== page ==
Wallenstein lets his comrades in on his plans but - unknown to him - one of them, Octavio Piccolomini, remains loyal to the emperor, for whom he is spying. The emperor has authorised Piccolomini to replace Wallenstein as commander-in-chief, but Piccolomini decides to do so only if Wallenstein takes an open stand against the emperor. Imperial informers having managed to capture one of Wallenstein's negotiators en route to the Swedes, his removal becomes imminent. The situation comes to a head because Octavio's son Max Piccolomini (a fictional creation by Schiller) and Wallenstein's daughter Thekla (a historical character) are in love. A devotee of Wallenstein, who treats him well, Max can't believe his father's claim that Wallenstein intends to betray the emperor. "Piccolomini" ends with Max's decision to challenge Wallenstein directly about his plans.
In the last part of the Wallenstein trilogy the conflict anticipated in the second play erupts and leads to a tragic conclusion. Having learned that the negotiators he has sent to bargain with the Swedes have been intercepted by imperial troops, Wallenstein supposes that the emperor now has damning evidence of his treason. After some hesitation and intense pressure exerted by Illo, Terzky and especially the latter's spouse, Countess Terzky, Wallenstein decides to burn his bridges: he will enter into official alliance with the Swedes.
But there is opposition. Octavio Piccolomini, the emperor's spy, manages to convince almost all the important leaders in Wallenstein's army--especially Butler--to abandon him. Convinced that Wallenstein has thwarted his ambitions, Butler hangs on for the sake of revenge. Max Piccolomini, for his part, is torn between his loyalty to the emperor, his admiration for Wallenstein, and his love for Thekla. He finally decides to leave Wallenstein, hoping there will be no hard feelings, but for the prince it's the final straw. He then flees with his remaining supporters to Eger; Max Piccolomini throws himself into a doomed battle with the Swedes, which costs him his life. When Thekla learns of this, she secretly sets out for his grave, there to die. Wallenstein also grieves about the loss of Max Piccolomini, but believes that the fates have taken him away in compensation for future good fortune.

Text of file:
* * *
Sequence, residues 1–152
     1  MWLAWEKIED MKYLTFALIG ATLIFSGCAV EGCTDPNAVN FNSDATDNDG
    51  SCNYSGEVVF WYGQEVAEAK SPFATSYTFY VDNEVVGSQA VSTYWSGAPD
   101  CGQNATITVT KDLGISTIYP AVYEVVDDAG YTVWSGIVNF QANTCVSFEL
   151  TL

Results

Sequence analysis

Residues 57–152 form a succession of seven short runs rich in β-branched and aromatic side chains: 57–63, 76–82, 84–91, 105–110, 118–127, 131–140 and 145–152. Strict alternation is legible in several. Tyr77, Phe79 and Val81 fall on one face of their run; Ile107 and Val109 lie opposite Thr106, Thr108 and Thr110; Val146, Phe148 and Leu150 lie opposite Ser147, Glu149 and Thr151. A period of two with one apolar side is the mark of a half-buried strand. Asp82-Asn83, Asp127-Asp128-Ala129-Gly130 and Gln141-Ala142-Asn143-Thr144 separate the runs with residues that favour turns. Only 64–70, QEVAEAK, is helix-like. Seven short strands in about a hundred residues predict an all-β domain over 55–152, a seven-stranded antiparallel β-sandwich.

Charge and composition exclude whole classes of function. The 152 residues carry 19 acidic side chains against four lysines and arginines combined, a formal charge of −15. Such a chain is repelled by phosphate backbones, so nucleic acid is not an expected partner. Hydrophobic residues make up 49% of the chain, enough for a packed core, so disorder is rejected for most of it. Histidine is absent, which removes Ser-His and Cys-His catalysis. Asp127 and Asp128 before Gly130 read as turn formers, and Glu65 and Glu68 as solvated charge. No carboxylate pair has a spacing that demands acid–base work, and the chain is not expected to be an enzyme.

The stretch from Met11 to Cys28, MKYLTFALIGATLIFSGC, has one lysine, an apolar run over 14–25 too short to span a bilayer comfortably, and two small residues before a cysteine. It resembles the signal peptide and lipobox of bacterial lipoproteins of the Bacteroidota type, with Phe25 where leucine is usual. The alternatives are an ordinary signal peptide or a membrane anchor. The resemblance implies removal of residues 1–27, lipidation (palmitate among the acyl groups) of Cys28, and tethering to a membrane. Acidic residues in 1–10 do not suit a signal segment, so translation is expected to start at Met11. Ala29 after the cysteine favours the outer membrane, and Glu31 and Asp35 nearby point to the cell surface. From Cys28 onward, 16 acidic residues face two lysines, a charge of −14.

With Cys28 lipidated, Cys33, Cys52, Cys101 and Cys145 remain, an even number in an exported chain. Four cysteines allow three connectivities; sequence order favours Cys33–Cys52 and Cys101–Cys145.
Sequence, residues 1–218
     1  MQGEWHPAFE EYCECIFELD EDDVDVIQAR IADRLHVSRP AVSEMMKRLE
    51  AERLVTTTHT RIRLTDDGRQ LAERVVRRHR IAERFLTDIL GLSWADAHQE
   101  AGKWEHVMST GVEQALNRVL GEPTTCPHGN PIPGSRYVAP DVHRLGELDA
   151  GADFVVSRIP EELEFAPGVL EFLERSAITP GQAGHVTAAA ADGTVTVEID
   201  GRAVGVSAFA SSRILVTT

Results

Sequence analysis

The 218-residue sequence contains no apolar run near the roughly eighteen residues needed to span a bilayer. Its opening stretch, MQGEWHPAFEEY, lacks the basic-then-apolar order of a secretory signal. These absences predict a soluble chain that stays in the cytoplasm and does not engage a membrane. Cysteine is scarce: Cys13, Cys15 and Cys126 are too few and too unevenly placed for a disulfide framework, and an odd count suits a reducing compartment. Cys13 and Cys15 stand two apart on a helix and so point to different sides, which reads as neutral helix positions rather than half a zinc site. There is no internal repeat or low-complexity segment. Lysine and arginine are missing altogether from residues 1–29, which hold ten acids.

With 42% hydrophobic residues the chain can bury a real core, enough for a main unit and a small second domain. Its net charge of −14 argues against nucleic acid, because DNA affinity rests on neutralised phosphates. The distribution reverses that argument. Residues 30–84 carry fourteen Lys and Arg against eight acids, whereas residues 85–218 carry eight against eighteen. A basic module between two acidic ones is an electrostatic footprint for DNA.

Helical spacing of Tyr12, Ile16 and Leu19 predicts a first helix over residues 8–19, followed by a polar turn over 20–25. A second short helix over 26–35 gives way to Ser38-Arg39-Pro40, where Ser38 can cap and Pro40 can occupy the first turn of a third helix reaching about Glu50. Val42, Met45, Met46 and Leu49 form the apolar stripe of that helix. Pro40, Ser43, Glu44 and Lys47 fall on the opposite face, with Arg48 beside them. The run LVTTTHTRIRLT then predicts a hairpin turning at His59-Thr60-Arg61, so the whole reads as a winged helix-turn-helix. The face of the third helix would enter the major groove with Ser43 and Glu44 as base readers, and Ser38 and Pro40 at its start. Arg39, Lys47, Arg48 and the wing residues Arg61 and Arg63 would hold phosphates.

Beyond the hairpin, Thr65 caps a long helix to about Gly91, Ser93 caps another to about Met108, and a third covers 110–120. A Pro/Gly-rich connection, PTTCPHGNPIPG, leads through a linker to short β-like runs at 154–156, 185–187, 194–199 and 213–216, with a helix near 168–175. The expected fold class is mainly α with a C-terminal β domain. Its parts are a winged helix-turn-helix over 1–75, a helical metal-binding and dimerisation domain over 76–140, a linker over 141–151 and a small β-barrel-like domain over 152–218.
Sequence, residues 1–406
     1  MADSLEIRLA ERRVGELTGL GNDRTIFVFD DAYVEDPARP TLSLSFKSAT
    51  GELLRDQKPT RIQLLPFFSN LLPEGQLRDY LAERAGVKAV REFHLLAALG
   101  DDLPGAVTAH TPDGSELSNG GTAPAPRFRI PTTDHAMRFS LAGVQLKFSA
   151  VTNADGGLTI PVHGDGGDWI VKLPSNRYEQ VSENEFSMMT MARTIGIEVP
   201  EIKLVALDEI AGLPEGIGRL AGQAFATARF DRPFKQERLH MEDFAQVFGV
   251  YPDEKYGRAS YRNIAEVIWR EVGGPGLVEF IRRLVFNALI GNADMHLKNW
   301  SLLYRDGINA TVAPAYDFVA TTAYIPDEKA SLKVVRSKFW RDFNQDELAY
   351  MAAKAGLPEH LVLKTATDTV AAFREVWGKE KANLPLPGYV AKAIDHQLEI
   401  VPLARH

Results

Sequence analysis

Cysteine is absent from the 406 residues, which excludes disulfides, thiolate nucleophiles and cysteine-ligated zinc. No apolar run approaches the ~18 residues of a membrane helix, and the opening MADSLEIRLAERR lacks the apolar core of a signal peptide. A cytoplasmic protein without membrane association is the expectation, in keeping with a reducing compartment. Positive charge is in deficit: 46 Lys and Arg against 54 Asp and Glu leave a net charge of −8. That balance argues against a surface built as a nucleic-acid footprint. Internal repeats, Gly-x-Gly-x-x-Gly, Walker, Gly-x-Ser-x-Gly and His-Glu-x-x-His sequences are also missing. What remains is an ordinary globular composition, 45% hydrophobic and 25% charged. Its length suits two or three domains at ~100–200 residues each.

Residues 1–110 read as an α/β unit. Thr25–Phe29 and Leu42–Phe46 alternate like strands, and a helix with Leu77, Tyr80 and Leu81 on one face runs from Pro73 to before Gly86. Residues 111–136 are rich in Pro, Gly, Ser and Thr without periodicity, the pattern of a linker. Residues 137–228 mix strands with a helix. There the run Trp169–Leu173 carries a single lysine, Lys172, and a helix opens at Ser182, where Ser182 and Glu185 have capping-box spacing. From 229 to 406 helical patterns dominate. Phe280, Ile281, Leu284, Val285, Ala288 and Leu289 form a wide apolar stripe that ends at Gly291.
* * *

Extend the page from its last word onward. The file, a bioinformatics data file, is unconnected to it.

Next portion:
In the night, Butler's henchmen, Macdonald and Deveroux, murder Illo and Terzky during a banquet, then kill Wallenstein himself in his bedroom. The drama ends with a final dialogue between Octavio and his chief antagonist, Countess Terzky, who dies of the poison she has taken. Finally, Octavio hears that the emperor, in gratitude, has promoted him to the rank of prince.
Often reduced into a single play that could be played in one evening, the trilogy entered the German classical theatrical repertoire. Among its nationally acclaimed productions were: